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Structures and anion-binding properties of M4L6tetrahedral cage complexes with large central cavities. / Paul, R.L.; Argent, S.P.; Jeffery, J.C.; Harding, L.P.; Lynam, J.M.; Ward, M.D.

In: Dalton Transactions, No. 21, 16.09.2004, p. 3453-3458.

Research output: Contribution to journalArticle

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N2 - Reaction of the bis-bidentate bridging ligand L3, in which two bidentate chelating 3(2-pyridyl)pyrazole units are separated by a 3,3′-biphenyl spacer, with Co(II) salts affords tetranuclear cage complexes of composition [Co4(L3)6]X8 (X = [BF4]−, [ClO4]−, [PF6]− or I−) in which four 6-coordinate Co(II) ions in an approximately tetrahedral array are connected by six bis-bidentate bridging ligands, one spanning each of the six edges of the Co4 tetrahedron. In every case, X-ray crystallography reveals that the ‘apical’ Co(II) ion has a fac tris-chelate geometry, whereas the other three Co(II) ions have mer tris-chelate geometries, resulting in (non-crystallographic) C3 symmetry for the cages; that this structure is retained in solution is confirmed by 1H NMR spectroscopy of the paramagnetic cages. In every case one of the anions is located inside the central cavity of the cage, with the remaining seven outside. We found no clear evidence for an anion-based templating effect. The cage superstructure is sufficiently large to leave gaps in the centres of the faces through which the internal and external anions can exchange. Variable-temperature 19F NMR spectroscopy was used to investigate the dynamic behaviour of the cages with X = [BF4]− and [PF6]− in MeCN solution: in both cases two separate signals, corresponding to external and internal anions, are clear at 233 K which have coalesced to a single signal at room temperature. Analysis of the linewidth of the minor signal (for the internal anion) at various temperatures below coalescence gave an activation energy for anion exchange of ca. 50 kJ mol−1 in each case, a figure which suggests that anion exchange can occur via a conformational rearrangement of the cage superstructure in solution rather than opening of the cavity by cleavage of metal–ligand bonds.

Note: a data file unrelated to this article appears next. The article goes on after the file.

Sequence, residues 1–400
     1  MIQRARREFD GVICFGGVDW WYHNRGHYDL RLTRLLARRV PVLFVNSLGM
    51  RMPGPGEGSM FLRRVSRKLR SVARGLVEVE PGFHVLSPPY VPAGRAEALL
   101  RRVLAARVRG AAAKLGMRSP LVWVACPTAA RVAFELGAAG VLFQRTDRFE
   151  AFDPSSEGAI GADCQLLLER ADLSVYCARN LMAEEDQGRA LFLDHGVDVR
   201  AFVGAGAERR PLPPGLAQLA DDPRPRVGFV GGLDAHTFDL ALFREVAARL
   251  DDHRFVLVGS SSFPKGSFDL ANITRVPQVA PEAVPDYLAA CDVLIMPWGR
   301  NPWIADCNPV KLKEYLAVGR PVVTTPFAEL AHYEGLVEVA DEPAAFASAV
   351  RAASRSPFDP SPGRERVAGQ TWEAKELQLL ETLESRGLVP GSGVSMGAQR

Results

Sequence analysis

AB - Reaction of the bis-bidentate bridging ligand L3, in which two bidentate chelating 3(2-pyridyl)pyrazole units are separated by a 3,3′-biphenyl spacer, with Co(II) salts affords tetranuclear cage complexes of composition [Co4(L3)6]X8 (X = [BF4]−, [ClO4]−, [PF6]− or I−) in which four 6-coordinate Co(II) ions in an approximately tetrahedral array are connected by six bis-bidentate bridging ligands, one spanning each of the six edges of the Co4 tetrahedron. In every case, X-ray crystallography reveals that the ‘apical’ Co(II) ion has a fac tris-chelate geometry, whereas the other three Co(II) ions have mer tris-chelate geometries, resulting in (non-crystallographic) C3 symmetry for the cages; that this structure is retained in solution is confirmed by 1H NMR spectroscopy of the paramagnetic cages. In every case one of the anions is located inside the central cavity of the cage, with the remaining seven outside. We found no clear evidence for an anion-based templating effect. The cage superstructure is sufficiently large to leave gaps in the centres of the faces through which the internal and external anions can exchange. Variable-temperature 19F NMR spectroscopy was used to investigate the dynamic behaviour of the cages with X = [BF4]− and [PF6]− in MeCN solution: in both cases two separate signals, corresponding to external and internal anions, are clear at 233 K which have coalesced to a single signal at room temperature. Analysis of the linewidth of the minor signal (for the internal anion) at various temperatures below coalescence gave an activation energy for anion exchange of ca. 50 kJ mol−1 in each case, a figure which suggests that anion exchange can occur via a conformational rearrangement of the cage superstructure in solution rather than opening of the cavity by cleavage of metal–ligand bonds.